The UW is set to receive nearly $60 million after Congress passed a coronavirus relief bill in December, providing additional funding to the Department of Education for its Higher Education Emergency Relief Fund (aka HEERF II), according to vice provost for planning & budgeting Sarah Norris Hall.
Last spring, the UW received more than $39 million after the first coronavirus stimulus package was passed. The funding was split into two allocations: $19.8 million was for student aid, while the remainder was for university expenses associated with pandemic response, according to Norris Hall.
Anticipating the incoming $60 million, the UW is looking into how these funds will be allocated and distributed. The new stimulus package will be divided into two main pipelines, much like the funds from HEERF I. A portion of the funding will go into emergency student aid, while the rest will go directly to the institution to pay off significant losses incurred because of the pandemic.
“The first $20 million will be spent on student aid, per the Department of Education’s guidance to institutions of higher education,” Norris Hall wrote in an email. “The remaining funds may be spent on additional student aid, support for Student Life activities, including student mental health, housing/dining; learning and teaching support; capital expenses associated with cleaning and maintaining safe spaces as we hope to return to campus in the fall.”
Once the university knows the amount Congress will require be spent in emergency grants to students, executive director of financial aid and scholarships Kay Lewis said the UW Office of Planning & Budgeting will consult with the university’s president and provost to determine how the remaining funds will be used.
“Besides not knowing the final amount of funds, we don’t know the special instructions Congress will require in terms of how we spend the funds, which students they intend the funds should go to,” Lewis said. “Last time they required we prioritize awards to students with exceptional financial need.”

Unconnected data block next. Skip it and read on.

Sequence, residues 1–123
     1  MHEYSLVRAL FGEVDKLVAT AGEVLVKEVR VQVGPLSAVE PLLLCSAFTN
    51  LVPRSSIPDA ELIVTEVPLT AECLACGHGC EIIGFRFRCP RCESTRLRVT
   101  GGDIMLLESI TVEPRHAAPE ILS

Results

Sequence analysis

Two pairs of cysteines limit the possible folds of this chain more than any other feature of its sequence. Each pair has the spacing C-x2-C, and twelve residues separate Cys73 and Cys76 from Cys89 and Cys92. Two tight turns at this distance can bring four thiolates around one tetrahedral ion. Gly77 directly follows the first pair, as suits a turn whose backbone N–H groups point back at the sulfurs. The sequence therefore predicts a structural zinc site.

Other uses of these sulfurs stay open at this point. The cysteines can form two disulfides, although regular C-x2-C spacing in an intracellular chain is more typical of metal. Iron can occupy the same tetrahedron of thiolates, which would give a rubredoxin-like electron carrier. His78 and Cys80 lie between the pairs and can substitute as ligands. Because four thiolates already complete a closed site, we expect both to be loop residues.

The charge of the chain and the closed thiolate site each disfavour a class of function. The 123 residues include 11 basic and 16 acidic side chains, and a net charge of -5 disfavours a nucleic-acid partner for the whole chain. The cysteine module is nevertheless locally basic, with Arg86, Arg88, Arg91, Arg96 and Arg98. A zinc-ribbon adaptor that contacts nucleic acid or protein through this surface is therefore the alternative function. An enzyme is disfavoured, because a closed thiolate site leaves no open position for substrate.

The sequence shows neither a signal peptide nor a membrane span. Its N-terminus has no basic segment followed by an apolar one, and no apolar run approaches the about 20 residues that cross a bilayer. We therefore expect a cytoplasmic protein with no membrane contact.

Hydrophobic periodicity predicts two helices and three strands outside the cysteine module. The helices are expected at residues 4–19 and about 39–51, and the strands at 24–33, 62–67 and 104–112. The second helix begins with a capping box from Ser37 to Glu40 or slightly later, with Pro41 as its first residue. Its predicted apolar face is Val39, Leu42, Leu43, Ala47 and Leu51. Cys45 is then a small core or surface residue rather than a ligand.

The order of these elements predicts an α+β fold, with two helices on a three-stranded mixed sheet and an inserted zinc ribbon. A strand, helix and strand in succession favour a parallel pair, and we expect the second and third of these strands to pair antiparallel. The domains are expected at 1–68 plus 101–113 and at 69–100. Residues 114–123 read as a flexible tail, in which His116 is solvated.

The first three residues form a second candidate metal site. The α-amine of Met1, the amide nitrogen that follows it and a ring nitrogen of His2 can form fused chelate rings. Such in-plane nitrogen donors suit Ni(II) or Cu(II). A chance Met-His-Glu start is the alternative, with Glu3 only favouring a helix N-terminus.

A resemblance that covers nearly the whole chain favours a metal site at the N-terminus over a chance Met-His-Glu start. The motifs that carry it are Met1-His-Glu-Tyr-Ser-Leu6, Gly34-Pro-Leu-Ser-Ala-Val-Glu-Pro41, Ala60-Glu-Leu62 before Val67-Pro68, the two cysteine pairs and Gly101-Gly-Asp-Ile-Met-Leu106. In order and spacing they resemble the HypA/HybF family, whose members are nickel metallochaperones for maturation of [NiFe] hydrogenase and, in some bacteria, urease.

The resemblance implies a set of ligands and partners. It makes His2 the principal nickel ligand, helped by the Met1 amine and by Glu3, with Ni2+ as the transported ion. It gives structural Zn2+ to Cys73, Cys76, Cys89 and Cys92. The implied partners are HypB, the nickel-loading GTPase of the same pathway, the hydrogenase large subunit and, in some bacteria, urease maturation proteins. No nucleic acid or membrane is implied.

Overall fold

Students who qualified for financial aid received $1,200 checks in the spring from the original relief package.
Instructions for student aid applications will be posted on the UW financial aid webpage once more information on funding is received. Students should file the FAFSA for the 2020-21 and 2021-22 school years so that the office has financial data on file to use when funds become available, Lewis said.
“When the stimulus checks went out and the income thresholds [were disclosed], we used that as a means to calculate eligibility, and gave extra to students who have dependents,” Sarah Castro, director of the Office of Federal Relations, said. “We made sure to include DACA-eligible students as well.”
This funding aims to support students so they can continue their education despite the many hardships caused by the pandemic.
“We are working really hard to get as much money as we possibly can, and we are being as creative as possible about it,” Castro said. “We want to make sure our undergrad students are taken care of and able to continue their education, and make sure that graduate students still have access to research funding opportunities.”
Reach reporter Nicole Ursprunger at firstname.lastname@example.org. Twitter: @nicoleursp
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